In the morning we headed off to Granada where we would stay for one night. On our way to Granada we made a short stop near La Calahorra, just below Guadix. We stopped in some young Almond treeyards. During this stop we saw a nice Stone Curlew that flushed just next to our car. Furthermore three Black Wheatears were present. We had a great view on the Sierra Nevada with an old castle in front of it.
The place where we stopped.
The Sierra Nevada with the famous La Cahorra castle.

We arrived in Granada around 2 and checked in in our hotel. In the afternoon we took a walk to some of the miradors overlooking the Alhambra with the Sierra Nevada on the background. 
Mirador de San Miguel
The family =)
One of many narrows streets in Granada.
And just a random church.

The next morning a cultural visit to the Alhambra was planned. To be continued.

zondag 22 januari 2012

31st of December: The last day of 2011

Apologies for the lack of updates recently but I have been quite busy with work the last week (yes work!). I will proceed with updating the trip report now =).

31st of December

We started the morning at the playa of Torre Garcia. The day before I had seen on the website of Rare Birds Spain that a Desert Wheatear had been present there for a while. Since it was closeby we decided to check it out and maybe we could even add a rare bird to our Spain list!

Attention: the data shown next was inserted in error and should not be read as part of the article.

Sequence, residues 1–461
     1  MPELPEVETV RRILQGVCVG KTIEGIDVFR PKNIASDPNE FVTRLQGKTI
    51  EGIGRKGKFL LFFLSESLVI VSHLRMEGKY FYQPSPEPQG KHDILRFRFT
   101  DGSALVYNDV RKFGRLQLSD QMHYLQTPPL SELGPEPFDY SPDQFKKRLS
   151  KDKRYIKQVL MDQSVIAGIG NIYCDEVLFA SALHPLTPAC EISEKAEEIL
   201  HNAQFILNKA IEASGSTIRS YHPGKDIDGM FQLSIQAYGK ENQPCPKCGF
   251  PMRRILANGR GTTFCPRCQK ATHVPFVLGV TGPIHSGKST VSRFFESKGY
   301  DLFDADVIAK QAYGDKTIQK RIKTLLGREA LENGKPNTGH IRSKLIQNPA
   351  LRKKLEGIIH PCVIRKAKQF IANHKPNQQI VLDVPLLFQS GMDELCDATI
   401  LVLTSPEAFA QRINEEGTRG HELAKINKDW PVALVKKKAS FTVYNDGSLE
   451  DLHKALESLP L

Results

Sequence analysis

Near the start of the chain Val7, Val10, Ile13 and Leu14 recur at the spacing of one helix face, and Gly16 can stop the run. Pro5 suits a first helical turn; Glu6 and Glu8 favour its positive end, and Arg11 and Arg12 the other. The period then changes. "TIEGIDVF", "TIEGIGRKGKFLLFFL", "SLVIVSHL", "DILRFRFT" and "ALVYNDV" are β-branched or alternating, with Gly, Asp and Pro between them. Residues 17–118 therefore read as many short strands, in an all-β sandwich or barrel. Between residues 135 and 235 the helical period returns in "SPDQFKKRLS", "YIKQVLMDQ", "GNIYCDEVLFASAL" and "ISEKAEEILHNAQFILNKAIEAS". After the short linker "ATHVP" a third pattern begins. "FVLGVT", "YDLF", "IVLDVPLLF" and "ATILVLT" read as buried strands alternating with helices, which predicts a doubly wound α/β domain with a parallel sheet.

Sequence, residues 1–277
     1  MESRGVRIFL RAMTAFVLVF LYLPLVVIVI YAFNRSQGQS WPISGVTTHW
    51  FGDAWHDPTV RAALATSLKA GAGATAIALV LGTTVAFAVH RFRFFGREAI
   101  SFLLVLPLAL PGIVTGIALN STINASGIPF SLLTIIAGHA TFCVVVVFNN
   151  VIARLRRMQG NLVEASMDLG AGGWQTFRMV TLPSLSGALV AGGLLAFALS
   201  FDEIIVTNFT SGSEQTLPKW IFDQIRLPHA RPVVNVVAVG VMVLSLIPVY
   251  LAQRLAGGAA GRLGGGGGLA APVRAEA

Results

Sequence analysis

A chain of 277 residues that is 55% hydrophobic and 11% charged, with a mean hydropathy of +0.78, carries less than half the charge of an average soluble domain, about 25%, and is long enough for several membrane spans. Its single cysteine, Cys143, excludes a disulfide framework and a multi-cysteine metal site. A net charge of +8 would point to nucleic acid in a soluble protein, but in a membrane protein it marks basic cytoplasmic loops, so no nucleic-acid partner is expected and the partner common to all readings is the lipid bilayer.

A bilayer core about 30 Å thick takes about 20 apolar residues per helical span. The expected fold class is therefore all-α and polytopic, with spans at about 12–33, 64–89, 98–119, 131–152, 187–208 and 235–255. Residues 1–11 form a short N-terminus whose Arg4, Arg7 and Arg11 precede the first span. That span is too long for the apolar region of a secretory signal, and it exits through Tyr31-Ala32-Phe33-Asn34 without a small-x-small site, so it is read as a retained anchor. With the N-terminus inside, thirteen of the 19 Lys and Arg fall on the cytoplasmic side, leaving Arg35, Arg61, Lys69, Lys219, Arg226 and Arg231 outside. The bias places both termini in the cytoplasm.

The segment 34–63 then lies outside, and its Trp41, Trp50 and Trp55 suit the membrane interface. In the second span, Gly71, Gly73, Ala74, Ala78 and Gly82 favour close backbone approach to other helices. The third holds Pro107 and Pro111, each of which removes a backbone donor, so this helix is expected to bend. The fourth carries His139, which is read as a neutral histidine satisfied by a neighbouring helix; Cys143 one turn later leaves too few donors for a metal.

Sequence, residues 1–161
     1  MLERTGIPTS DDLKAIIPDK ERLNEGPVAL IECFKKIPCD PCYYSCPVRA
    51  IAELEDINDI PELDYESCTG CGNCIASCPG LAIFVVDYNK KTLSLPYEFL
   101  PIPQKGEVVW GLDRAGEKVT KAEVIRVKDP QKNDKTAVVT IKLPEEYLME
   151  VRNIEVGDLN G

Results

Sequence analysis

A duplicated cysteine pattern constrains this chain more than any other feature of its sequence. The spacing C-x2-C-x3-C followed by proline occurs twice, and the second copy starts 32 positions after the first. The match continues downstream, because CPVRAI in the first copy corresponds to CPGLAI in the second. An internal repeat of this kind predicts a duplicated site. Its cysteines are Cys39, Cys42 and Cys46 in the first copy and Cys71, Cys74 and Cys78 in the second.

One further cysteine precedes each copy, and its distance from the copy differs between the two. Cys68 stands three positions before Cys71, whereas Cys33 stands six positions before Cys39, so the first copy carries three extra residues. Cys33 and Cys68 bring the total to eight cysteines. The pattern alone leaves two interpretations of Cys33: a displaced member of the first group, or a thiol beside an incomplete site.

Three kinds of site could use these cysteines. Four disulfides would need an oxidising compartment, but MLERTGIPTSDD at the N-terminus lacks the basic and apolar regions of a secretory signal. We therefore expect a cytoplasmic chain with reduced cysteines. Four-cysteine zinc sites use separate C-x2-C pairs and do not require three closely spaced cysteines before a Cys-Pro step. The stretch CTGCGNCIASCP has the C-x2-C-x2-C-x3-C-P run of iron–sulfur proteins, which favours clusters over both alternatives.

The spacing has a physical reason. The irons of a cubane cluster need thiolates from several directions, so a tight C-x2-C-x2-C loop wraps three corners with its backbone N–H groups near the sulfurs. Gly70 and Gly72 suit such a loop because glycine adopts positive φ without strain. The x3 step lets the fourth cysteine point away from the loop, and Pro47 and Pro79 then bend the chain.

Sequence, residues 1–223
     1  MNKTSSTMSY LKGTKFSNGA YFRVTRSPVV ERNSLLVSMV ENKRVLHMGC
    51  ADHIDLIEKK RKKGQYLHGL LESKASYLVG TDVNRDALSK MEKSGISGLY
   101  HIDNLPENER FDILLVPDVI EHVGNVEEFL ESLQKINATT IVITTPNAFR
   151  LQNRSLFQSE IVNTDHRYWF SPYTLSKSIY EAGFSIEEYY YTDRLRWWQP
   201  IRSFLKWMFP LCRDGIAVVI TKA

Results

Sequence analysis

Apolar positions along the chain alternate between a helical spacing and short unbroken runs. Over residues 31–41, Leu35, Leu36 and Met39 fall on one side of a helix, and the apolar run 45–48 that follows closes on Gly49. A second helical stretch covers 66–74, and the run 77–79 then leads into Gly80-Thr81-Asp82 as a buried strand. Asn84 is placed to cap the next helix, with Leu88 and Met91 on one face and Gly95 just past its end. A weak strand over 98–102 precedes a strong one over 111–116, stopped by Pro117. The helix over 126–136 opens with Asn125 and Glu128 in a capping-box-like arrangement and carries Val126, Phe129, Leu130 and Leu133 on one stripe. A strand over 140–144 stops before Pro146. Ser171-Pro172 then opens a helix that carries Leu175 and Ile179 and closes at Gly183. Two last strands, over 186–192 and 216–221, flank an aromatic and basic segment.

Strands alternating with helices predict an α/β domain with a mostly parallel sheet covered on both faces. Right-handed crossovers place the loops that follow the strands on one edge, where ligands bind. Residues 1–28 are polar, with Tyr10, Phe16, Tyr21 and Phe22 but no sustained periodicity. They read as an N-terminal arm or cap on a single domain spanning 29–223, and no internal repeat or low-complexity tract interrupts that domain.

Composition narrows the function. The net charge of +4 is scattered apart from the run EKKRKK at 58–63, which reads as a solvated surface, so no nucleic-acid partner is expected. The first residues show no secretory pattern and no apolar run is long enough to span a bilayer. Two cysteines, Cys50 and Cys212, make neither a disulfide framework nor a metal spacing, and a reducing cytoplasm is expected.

During our visit at the Torre Garcia we didn't find the Desert Wheatear. We didn't know the exact place but we checked the area around the parking lot thorougly. We did have a cooperative Southern Grey Shrike next to the car:
Southern Grey Shrike

Next stop was the Lagune of the Rambla for the White-headed Ducks. Just before the Laguna we came across a very handsome male Sardinian Warbler:
Male Sardinian Warbler

Arriving at the Laguna my dad suddenly shouted: hey look at that swift hunting in front of the car!! I immediatly saw the bird he meant: it was a fine Little Swift! We quickly got out of the car and got amazing views of the bird. Later it even turned out that there were at least 3 birds hunting amongst the Crag Martins! It is a very unusual sighting since these Little Swifts normally only occur in really low numbers around Tarifa or Cadiz, but these birds were more than +400 km off to the east! It seems this is the first time that Little Swifts have been sighted here near Almería. 
Little Swifts!

We had even better views on the White-headed Ducks this time too: